Patients with malignant pleural mesothelioma have a poor prognosis. Until recently, attempts to improve survival of patients using surgical therapy alone have been disappointing. Trimodality treatment using maximal cytoreductive surgery followed by adjuvant chemotherapy and radiation has increased survival up to 46% at 5 years in selected patients.1 It is extremely difficult to achieve a microscopically complete resection with surgery alone.2 Although metastases can occur distantly, the recurrence pattern in malignant pleural mesothelioma is predominantly locoregional. In Sugarbaker's analysis of a large cohort of patients undergoing extrapleural pneumonectomy (EPP), microscopic tumor involvement at the surgical margin played a significant role in survival, which supports the need for improved locoregional control.1 The use of intracavitary chemotherapy has been studied in abdominal malignancies as a method of locoregional control.3 Sugarbaker and colleagues studied heated intracavitary chemotherapy for gastrointestinal malignancies.4,5 A series of studies at Brigham and Women's Hospital was conducted to treat malignant pleural mesothelioma using this innovative technique. This methodology was applied to both EPP and pleurectomy and decortication (P/D) in selected patients. Techniques for hyperthermic intraoperative chemotherapy (HIOC) are presented along with its complications and pitfalls.
With intracavitary administration, chemotherapy agent enters the tumor cells directly by diffusion, which minimizes the toxic systemic effects of IV administration. The depth of penetration of the chemotherapeutic agent is limited to several millimeters deep to the surface of the cavity.6 Thus cytoreduction of the tumor to microscopic levels is very important if one is to achieve maximal benefits for this modality of treatment. Complete contact with any surface that might sequester cancerous cells from the chemotherapeutic agent is extremely important. The optimal timing of intracavitary chemotherapy lavage is immediately after resection of the tumor. This ensures maximal exposure of residual cancerous cells to the chemotherapy before there is development of adhesions or fibrinous exudates and while the volume of residual tumor is small enough to be penetrated by the agent.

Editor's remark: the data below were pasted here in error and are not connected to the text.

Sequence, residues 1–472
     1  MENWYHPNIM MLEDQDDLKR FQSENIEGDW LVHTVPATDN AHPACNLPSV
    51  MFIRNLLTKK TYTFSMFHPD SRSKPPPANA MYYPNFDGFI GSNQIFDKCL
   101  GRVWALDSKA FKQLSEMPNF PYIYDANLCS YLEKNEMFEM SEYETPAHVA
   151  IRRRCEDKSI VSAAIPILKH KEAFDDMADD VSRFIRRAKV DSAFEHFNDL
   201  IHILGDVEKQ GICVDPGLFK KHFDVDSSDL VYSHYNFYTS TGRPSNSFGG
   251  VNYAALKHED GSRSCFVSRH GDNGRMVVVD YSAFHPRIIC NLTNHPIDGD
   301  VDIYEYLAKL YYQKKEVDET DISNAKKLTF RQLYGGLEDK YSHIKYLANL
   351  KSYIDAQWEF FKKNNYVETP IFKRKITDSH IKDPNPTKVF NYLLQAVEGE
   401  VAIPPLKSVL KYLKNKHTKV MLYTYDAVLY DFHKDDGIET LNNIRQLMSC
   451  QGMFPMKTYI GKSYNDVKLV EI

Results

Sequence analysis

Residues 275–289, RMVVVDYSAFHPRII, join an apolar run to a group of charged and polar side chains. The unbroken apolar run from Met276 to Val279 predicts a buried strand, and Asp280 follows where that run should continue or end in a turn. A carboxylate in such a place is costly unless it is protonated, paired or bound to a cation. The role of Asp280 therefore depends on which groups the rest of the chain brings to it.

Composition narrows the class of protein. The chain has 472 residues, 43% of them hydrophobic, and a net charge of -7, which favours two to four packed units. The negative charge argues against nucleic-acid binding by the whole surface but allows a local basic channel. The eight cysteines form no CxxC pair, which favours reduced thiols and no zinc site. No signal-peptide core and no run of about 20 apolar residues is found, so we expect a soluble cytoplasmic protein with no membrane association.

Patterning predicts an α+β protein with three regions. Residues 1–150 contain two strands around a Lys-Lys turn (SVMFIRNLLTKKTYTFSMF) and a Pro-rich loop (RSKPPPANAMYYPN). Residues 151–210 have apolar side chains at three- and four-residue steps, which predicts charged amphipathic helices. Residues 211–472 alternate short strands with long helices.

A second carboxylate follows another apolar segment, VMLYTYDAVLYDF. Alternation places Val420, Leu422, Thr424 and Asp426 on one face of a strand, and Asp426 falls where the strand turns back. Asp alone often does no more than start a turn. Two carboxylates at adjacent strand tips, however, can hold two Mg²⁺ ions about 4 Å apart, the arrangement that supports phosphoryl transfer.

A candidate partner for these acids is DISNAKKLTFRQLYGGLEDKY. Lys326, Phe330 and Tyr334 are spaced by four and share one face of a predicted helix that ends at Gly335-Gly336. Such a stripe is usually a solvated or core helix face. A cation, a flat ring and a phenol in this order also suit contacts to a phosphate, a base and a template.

Cisplatin is the chemotherapeutic agent used in our lavage protocol. The drug binds covalently to various macromolecules, including DNA, the apparent target.7 The effects of cisplatin on mesothelioma have been studied in the past, and it can be combined with cytoprotective agents or other drugs.8,9 The concentration of the drug with regional administration is up to 50-fold higher than with IV administration.10 Ratto and colleagues showed that levels of cisplatin given into the pleura are higher with hyperthermic perfusion than with normothermic perfusion.11 Heat increases cell permeability, alters cellular metabolism, and improves membrane transport of drugs. This has been demonstrated in animal and human studies.12,13 A synergistic effect of hyperthermia and cisplatin has been demonstrated.14,15 Intracavitary cisplatin and its benefits in thoracic malignancies have been studied in the past for both EPP and P/D.11,16
Two cytoprotective agents are used during HIOC. Sodium thiosulfate is a neutralizing agent with ...